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TX: For $1.4 million, Dallas sex offender registration doesn’t buy much

If the goal is more stigma and shame, the operation succeeds spectacularly. For starters, the entrance is hidden around back of Dallas police headquarters, behind a rusting door, next to a small sign: “Sex Offender Registration Entrance Only.”

Inside, the atmosphere only gets worse. The dreary waiting room is almost always filled to capacity with people sitting glumly, waiting for hours to meet the strict reporting requirements of being a registered sex offender. Full Article

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  1. td777

    Great article, I’m glad someone in the mainstream media is starting to understand the absurdity that is the registry. It’s a shame the Texas Voices website isn’t nearly as active as this one. In some ways, it shows how they aren’t willing to do as much for registrants as Janice and CARSOL. If every state had as much going for them as we do here in California, I can’t help but think things would change much faster.

    • WantstoHelp

      Texas Voices is incredibly active and does tireless support on behalf of registrants. Their activity is simply not posted or seen on its website and I, for one, find that incredibly prudent. Sadly, TV does not have a full time lawyer to work these cases as CARSOL does, because no one has yet stepped up to accept that mantle. [Even from afar, we are grateful for Janice, and realize what a rare and special gift it is that registrants in California have her to fight for them.] Texas Voices members do network with the lawyers who handle these types of cases, as well as with other grass roots organizations fighting for criminal justice reform, and in some situations TV helps to fund lawsuits that have the potential to win changes on behalf of the state as a whole, but TV is actually a lobbying organization that has focused its efforts on getting legislation passed (or killed as the case may be) in a very conservative, hard-right leaning state. It is because of the TV efforts, and the efforts of its members, and the efforts of honest, thinking representatives, that legislation passed in the prior session to remove all registrants place of employment (address of the employer) from public registries. Now that businesses do not risk being publicly associated with a registrant, registrants have one less hurdle to overcome in finding employment.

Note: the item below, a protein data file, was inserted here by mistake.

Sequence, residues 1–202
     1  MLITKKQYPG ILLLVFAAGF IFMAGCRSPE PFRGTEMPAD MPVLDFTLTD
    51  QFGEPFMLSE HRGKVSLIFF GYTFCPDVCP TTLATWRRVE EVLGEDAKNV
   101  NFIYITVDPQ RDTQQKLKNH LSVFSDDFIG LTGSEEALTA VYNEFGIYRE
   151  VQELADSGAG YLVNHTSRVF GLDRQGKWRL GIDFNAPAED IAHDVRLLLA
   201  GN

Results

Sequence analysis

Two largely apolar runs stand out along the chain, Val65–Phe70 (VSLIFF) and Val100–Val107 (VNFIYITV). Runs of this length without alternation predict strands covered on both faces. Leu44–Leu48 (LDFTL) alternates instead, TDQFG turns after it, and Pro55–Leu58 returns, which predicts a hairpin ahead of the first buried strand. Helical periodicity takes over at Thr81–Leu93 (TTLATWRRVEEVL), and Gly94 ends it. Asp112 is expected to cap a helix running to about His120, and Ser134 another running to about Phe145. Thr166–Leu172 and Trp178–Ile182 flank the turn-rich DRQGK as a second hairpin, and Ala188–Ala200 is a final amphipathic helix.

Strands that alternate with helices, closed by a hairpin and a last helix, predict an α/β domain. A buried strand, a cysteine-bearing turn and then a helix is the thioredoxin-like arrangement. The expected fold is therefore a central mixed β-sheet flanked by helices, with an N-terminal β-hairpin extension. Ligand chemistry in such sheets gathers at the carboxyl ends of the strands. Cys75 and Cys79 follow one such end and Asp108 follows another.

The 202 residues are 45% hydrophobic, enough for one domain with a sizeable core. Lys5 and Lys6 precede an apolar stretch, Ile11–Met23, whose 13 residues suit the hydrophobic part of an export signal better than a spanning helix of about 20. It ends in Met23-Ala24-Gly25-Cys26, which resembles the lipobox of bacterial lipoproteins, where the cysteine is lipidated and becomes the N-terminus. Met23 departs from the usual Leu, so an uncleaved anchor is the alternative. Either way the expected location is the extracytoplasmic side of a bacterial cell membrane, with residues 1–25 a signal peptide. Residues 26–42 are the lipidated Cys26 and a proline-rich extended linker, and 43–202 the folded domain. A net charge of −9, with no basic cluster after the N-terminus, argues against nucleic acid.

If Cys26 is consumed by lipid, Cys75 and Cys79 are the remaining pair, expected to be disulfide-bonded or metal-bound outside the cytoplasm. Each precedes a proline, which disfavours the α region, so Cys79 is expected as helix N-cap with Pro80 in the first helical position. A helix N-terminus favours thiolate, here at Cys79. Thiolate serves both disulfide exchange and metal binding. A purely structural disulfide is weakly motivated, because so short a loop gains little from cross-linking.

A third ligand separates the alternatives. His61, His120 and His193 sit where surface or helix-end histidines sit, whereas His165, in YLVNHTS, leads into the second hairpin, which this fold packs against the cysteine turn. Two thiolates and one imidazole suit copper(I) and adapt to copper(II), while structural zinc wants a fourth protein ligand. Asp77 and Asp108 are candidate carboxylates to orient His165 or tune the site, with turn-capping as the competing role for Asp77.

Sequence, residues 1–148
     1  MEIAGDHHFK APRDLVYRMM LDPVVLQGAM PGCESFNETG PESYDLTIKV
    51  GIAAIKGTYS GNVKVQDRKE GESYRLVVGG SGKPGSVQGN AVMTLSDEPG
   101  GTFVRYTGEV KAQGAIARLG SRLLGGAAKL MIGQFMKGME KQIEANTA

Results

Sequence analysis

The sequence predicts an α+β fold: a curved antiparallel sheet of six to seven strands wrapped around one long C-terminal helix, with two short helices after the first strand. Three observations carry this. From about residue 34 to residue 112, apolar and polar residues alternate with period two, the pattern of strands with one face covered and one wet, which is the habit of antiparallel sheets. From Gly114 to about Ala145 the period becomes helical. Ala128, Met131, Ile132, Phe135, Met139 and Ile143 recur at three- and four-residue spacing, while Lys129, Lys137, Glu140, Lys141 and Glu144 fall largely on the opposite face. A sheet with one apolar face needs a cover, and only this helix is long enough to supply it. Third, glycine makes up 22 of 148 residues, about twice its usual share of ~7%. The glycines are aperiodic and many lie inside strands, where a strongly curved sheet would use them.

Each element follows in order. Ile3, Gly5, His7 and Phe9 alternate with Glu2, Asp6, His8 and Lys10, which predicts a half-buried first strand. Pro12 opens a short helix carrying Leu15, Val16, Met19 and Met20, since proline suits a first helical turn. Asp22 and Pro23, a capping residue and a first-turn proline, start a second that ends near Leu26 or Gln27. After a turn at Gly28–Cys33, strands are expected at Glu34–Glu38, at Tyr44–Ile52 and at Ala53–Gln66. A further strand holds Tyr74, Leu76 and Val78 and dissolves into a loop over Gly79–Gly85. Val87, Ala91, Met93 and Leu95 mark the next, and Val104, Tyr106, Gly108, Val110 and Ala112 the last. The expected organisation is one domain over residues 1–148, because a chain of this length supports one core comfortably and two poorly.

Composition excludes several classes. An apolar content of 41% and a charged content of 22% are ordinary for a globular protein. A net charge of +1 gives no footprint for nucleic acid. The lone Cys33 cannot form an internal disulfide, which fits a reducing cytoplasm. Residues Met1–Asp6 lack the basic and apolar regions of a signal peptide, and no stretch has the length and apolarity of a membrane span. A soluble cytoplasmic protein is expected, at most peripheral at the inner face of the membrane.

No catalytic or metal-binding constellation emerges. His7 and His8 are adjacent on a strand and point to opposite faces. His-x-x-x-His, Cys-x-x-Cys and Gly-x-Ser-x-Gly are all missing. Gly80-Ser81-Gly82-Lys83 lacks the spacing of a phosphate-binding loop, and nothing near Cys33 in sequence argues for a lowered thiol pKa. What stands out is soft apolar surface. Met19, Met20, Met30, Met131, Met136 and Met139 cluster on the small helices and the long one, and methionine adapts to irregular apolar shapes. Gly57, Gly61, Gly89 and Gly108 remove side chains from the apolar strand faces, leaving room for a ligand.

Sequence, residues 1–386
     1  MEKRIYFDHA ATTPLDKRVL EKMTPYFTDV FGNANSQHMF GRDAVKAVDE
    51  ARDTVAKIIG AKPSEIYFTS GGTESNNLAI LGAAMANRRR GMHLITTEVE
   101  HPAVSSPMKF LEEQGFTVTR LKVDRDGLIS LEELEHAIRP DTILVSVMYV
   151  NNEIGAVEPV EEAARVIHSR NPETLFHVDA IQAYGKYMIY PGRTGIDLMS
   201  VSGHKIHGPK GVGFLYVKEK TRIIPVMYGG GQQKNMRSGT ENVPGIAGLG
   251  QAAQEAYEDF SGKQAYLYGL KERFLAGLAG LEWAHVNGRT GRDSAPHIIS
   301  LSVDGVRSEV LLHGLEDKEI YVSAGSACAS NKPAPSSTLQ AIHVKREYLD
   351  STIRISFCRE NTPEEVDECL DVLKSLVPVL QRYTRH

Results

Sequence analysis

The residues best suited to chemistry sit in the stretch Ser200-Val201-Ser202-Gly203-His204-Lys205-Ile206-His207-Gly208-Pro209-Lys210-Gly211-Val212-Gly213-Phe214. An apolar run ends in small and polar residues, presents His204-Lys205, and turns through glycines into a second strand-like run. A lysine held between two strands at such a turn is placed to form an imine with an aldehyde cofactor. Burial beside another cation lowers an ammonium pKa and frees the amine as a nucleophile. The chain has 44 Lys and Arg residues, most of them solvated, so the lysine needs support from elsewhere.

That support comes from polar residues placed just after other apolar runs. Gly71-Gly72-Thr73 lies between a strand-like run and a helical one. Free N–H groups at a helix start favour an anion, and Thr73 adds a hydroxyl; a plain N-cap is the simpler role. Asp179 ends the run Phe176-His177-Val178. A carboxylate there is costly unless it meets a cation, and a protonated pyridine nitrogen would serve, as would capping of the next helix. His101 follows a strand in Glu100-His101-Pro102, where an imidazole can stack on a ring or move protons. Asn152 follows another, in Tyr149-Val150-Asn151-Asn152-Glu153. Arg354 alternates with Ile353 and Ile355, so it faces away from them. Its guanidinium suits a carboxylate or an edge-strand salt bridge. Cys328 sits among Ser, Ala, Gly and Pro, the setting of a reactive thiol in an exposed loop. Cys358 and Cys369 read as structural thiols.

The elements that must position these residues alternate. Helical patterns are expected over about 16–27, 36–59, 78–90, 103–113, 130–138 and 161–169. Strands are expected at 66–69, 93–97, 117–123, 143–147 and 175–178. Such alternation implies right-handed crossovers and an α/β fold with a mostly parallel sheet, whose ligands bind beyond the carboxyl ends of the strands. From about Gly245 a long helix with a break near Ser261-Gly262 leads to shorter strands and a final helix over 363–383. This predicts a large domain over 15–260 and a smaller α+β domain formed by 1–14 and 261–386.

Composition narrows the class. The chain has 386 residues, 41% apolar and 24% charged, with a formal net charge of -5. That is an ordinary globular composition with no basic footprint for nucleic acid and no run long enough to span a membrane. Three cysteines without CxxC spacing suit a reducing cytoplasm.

Texas does not have a “Jessica’s Law” on the books. Here, those who are still on parole or probation may be required to stay beyond a 1000 foot safety zone, but state law itself does not prevent registered citizens off paper from living anywhere. Cities and municipalities do have the right to set their own ordinances, and so we face a similar challenge to the constantly shifting rules. Getting legislation passed to unify the State on this matter will be an uphill battle, as there are cities who will throw efforts into preventing any law from passing that would curtail their ability to keep registered citizens out. However, there is currently a lawsuit winding its way through the civil courts in which a registered citizen has been given legal standing (as have his wife and children) to sue a city for damages due to excessive residence restrictions that essentially banished them living in the city. We will wait to see how this plays out. As you know, these cases grind exceedingly slow.

      I am not a Texas Voices representative and I’m not speaking on behalf of the organization. I’ve simply been witness to, and am incredibly grateful for, the tireless efforts of those within the organization who work on behalf of Texas’s registrants, and it hurts to see them disparaged simply because their website is not actively updated.

      • td777

        If they are more active than the website shows, you have my apology. I was rather surprised when I saw how little information was on their site and how little interaction was available there.

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